At a street price of around $130, the D-Link PowerLine AV 500 Adapter Starter Kit model DHP-501AV, which includes two adapters, is a great deal. Not only is the kit a nice-looking piece of hardware, it's also easy to use. Most importantly, it's superfast, beating regular 10/100 Ethernet connections by about 50 percent.
For those who are looking for a first power-line adapter kit to add to their home network, the DHP-501AV kit makes an excellent choice. However, if you want adapters that have a pass-through power socket for far corners that have only a single power outlet, the $80 apiece Netgear XAV5501 will better fit the bill. You can also opt for both, as they work with each other.
Design, setup, and features
The D-Link DHP-501AV kit contains two identical adapters, model DHP-500AV. These are based on HomePlug Powerline Alliance's new Powerline AV 500 standard, which offers a ceiling speed of 500Mbps. The HDP-500AV adapter itself is a stylish, completely white object, resembling a product made by Apple. On the front, it has three status lights for power, the power-line connection, and the connection to the client. On the side, it has one Gigabit Ethernet port and a quick-security button. Pressing this button on both adapters within 2 minutes when they are plugged into their wall sockets will create a secure connection between the two. This is to prevent others from connecting to your network by using another compatible power-line adapter in the same building.
On the bottom, the DHP-500AV has a two-prong power connector, so it fits more sockets than the Netgear XAV5501, which comes with a three-prong connector. The two-prong design does mean the adapter stays less firmly in the socket. It'd also be better if the adapter used a power cord, as theadapter does, so that it wouldn't obstruct the adjacent power outlets the way it does now. Unlike the XAV5501, the DHP-500AV doesn't have a pass-through power socket on top, meaning you most likely can't use it in a corner that has only one power outlet. This is because generally power-line adapters need to be plugged directly into a wall socket and won't work with surge protectors or power strips. To make up for the lack of a pass-through socket, the DHP-500AV adapter is just about 40 percent the size of the XAV5501.
As with most power-line adapters, it's a no-brainer to create a power-line connection with the DHP-501AV kit. First you hook up one of the adapters to the network via the router (or the hub), using a network cable. Then connect the second adapter to an Ethernet-ready device, say at the far corner of the house. After that, you just plug both adapters into the power sockets. If the two locations share electrical wiring, which is the case in homes or apartment buildings, a power-line network connection is now established. This whole process takes just a minute and you can't make a mistake. After that you can add more devices to the power-line network by adding more adapters.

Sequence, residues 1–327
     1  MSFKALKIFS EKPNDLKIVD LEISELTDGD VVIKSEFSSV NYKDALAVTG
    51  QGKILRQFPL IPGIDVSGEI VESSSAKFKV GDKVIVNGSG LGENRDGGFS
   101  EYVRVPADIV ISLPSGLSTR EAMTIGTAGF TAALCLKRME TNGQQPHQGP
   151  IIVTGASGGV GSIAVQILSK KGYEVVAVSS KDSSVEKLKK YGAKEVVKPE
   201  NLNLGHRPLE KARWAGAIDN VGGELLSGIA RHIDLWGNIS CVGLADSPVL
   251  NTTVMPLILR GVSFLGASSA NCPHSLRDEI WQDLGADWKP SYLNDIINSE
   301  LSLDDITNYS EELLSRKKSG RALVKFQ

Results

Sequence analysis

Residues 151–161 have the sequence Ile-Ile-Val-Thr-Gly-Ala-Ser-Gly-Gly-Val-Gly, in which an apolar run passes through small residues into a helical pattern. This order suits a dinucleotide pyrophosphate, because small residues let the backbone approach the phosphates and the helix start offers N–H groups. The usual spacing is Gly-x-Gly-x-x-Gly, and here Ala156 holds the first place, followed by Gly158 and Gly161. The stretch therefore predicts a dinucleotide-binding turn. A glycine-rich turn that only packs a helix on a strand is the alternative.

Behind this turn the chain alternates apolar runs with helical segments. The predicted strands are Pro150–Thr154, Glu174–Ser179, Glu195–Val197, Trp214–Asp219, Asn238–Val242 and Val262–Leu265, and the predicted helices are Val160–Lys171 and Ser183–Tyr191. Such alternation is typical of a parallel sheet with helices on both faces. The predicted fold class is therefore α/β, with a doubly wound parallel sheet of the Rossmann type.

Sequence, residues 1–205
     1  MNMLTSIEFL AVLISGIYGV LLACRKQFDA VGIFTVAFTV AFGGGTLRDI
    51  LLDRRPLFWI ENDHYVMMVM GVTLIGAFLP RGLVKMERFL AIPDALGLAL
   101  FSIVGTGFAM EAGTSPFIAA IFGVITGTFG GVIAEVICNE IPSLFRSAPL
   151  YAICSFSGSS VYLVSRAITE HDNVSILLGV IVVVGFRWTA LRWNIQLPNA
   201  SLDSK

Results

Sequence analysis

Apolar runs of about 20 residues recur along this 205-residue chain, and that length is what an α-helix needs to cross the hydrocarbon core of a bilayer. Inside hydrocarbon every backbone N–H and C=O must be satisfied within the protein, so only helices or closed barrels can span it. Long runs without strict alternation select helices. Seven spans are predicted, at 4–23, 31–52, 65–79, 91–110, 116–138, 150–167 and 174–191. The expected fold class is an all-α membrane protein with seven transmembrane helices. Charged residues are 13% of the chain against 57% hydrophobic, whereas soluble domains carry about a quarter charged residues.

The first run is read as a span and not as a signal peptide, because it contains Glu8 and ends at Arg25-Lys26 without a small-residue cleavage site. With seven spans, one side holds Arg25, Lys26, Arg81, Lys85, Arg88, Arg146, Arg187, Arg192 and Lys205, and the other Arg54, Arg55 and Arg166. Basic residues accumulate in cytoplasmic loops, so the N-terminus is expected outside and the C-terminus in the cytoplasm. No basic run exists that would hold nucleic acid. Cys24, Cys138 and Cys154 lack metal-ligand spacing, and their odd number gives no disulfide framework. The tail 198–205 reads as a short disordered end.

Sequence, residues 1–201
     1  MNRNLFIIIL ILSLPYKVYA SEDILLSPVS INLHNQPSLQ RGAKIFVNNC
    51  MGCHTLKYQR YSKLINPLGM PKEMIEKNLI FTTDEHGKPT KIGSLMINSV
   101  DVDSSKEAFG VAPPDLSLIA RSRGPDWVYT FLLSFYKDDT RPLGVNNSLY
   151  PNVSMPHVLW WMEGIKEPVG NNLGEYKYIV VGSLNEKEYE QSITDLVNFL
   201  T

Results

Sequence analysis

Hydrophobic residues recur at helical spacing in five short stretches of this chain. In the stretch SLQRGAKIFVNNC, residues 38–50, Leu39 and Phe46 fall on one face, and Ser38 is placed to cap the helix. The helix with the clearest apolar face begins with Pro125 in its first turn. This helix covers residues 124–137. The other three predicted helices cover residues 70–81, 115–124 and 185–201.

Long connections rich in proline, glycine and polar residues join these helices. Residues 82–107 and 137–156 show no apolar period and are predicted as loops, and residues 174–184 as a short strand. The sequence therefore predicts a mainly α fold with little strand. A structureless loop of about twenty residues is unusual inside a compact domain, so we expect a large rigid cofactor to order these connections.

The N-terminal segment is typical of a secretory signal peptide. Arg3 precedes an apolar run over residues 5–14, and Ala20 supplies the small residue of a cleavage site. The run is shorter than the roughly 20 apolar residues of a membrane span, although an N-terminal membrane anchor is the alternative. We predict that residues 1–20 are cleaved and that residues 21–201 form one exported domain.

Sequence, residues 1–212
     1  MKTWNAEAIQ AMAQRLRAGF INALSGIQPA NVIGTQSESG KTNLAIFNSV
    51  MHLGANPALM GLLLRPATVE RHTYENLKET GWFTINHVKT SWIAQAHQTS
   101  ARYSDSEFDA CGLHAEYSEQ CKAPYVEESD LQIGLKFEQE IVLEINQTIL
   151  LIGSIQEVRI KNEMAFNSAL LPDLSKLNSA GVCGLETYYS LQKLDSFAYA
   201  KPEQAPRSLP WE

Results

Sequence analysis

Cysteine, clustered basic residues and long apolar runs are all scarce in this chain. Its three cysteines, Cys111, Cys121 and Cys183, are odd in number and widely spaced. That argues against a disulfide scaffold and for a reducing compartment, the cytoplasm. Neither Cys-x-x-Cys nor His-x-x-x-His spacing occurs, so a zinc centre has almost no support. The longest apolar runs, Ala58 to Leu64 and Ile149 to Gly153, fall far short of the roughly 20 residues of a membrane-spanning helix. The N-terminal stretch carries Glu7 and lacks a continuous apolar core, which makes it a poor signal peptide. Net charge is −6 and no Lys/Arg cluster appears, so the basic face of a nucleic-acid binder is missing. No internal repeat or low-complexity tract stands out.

In our trials the DHP-501AV kit worked with other Powerline AV 500 adapters, such as the Netgear XAV5501AV. Note, however, that when adapters from multiple vendors are used, the security button might not work unless they support the same security standard. This means you might not be able to create a secure power-line network, and it's a good idea to have one if you live in an apartment building. Most adapters come with software so you can change the security settings manually, however. The DHP-501AV comes with a Windows-based desktop configuration application called D-Link Powerline AV Utility that can be used to manage the secure connections and to view the connection and perform other tasks such as naming the adapter, changing its password, and updating firmware.
The DHP-501AV kit's adapters support D-Link's Green Technology and automatically power down after 5 minutes if no data signal detected, such as when the client is unplugged or turned off. Once the client was turned back on, in our trials, it took about 30 seconds for the adapter to be ready again.